Like tech junkies the world over, at least one restaurant group was thrilled when Apple released its new smartwatch in April. The Apple Watch features many of the same apps and functions of a smartphone—only with the added convenience of always being at hand.
OTG, a hospitality group specializing in airport-based restaurants, seized the moment and introduced a pilot program that offers its proprietary software, Flo 20/20, on the Apple smartwatch. Rick Blatstein, OTG’s chief executive, believes this will be “a game changer for restaurant management.”
“This gives us real-time information,” Blatstein says. “Normally in the restaurant business, you are kind of [thinking] of the next day, and you see what happened the day before. With the Apple Watch, we have tailored 20/20 to give notifications to management and staff in real-time, giving us the opportunity to work better with our crew … and affect what history will be.”
As of this summer, OTG’s entire portfolio of full-service restaurants in the United Airlines terminal at Newark Airport—including Abruzzo, Saison, and Vesper Tavern—had begun using Flo 20/20 on the Apple Watch. The software is designed to allow restaurant managers to check the status of kitchen operations, customer feedback, inventory levels, and sales performance.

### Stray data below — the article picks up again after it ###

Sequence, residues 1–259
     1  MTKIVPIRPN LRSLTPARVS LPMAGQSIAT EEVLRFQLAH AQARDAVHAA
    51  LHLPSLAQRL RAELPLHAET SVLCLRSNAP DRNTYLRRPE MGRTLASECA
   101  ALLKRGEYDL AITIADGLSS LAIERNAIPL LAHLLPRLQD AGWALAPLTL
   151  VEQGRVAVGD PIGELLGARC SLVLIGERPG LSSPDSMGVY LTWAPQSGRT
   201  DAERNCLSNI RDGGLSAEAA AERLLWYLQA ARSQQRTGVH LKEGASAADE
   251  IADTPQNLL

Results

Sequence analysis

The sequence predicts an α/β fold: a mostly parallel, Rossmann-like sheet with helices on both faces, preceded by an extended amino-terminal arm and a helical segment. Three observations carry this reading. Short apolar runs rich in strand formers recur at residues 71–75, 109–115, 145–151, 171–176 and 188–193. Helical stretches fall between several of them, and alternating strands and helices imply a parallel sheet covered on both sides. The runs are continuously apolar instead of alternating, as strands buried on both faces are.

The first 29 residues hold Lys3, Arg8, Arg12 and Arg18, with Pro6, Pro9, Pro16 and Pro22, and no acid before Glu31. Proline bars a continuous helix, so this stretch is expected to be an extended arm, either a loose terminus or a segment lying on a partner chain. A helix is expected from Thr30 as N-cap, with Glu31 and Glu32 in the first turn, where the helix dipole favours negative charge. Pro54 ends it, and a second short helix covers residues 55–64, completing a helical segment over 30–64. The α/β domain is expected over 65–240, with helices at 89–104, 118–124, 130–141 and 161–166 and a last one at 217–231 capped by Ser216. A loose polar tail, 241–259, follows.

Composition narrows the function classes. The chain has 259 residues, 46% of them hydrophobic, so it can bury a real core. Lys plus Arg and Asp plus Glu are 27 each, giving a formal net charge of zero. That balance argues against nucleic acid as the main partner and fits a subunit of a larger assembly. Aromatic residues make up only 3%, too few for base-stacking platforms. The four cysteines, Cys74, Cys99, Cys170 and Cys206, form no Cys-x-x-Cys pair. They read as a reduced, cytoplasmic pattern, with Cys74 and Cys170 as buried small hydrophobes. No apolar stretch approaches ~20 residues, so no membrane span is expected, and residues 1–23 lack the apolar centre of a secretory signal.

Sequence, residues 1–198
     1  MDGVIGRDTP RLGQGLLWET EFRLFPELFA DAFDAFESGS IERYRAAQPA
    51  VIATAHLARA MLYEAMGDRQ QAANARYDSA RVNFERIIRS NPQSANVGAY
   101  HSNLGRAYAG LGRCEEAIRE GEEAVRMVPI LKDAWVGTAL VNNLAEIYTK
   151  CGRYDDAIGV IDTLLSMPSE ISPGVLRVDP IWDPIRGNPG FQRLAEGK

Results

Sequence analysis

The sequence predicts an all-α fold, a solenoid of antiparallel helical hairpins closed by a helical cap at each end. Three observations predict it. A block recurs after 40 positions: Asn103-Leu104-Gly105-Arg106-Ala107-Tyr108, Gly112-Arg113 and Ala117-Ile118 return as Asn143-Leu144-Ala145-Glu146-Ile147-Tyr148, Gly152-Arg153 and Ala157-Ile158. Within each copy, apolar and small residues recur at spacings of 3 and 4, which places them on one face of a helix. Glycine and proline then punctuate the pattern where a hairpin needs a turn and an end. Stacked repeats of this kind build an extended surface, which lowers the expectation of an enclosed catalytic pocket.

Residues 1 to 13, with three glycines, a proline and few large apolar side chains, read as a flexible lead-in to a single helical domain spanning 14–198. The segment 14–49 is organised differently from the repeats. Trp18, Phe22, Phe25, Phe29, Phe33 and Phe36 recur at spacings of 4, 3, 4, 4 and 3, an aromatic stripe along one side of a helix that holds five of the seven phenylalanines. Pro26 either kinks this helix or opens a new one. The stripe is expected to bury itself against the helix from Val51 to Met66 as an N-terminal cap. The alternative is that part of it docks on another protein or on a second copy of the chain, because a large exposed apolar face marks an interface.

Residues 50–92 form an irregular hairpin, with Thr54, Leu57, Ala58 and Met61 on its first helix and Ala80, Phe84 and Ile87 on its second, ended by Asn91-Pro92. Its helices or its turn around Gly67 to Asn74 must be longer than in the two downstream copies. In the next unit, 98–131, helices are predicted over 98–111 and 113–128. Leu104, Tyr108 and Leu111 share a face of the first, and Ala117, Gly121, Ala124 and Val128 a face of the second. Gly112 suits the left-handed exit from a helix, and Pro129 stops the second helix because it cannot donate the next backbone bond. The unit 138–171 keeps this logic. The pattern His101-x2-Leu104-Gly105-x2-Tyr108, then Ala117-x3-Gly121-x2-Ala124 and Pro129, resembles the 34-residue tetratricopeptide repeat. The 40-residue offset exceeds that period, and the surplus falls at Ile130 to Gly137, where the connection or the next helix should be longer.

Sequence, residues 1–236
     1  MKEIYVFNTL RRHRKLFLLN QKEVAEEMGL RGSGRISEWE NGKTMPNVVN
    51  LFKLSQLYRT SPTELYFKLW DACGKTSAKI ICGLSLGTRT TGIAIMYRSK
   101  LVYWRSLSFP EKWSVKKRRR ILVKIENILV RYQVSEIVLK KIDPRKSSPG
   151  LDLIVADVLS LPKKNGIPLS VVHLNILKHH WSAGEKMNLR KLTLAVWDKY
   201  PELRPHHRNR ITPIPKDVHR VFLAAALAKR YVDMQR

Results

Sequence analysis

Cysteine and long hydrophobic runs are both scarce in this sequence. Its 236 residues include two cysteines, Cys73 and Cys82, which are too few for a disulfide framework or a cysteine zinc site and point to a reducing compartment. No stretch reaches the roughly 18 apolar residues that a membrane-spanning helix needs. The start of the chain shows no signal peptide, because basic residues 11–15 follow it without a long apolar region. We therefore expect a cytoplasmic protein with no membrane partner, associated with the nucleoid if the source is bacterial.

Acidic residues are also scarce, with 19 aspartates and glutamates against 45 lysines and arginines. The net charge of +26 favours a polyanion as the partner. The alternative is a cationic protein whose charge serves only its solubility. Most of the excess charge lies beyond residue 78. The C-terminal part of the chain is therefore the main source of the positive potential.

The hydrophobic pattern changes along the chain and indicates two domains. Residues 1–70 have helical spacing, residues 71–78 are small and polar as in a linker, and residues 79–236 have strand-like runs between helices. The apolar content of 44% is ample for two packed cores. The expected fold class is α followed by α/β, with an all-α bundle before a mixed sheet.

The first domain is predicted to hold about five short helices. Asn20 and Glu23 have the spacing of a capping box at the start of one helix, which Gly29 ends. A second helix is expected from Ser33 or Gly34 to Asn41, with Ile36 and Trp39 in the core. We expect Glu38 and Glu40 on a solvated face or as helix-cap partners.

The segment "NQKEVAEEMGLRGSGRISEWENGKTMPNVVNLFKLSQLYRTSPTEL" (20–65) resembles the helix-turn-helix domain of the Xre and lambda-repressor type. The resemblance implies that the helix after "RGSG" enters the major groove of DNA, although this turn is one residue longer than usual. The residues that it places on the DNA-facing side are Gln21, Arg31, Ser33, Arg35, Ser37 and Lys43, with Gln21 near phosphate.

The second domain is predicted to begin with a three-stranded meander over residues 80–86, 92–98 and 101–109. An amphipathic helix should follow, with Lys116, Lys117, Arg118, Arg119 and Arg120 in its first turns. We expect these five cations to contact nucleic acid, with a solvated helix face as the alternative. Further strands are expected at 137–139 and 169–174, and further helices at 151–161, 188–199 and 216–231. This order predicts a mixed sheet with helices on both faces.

“Servers can glance at it, rather than having to take something out of their pocket to look at, so it’s a much quicker and easier process, and more natural for the customer to witness,” Blatstein says. “With Flo and the Apple Watch, a manager can stay with the customer and solve the problem before they walk away. I think that’s really important in customer service.”
While it has only been tested on Apple watches by restaurants at the Newark terminal, the Flo technology is also available on iPads and iPhones in restaurants throughout OTG’s portfolio, which encompasses 11 terminals in North America. The Flo software has managed more than 5 million transactions since launch, across a network of 6,000 iPads. Blatstein thinks that five years down the line restaurants around the world will be using a combination of iPads and Apple Watches to better manage their operations.
“In the future, I envision all of our servers and food runners will be wearing the watch so they can get real-time information instead of having to run back to the kitchen to ask something,” Blatstein says.
Currently there is no consumer-facing Flo app available on the smartwatch, although diners can interface via an iPad. However, customers can use the Apple Watch for Apple Pay, and that is being done at the Newark terminal.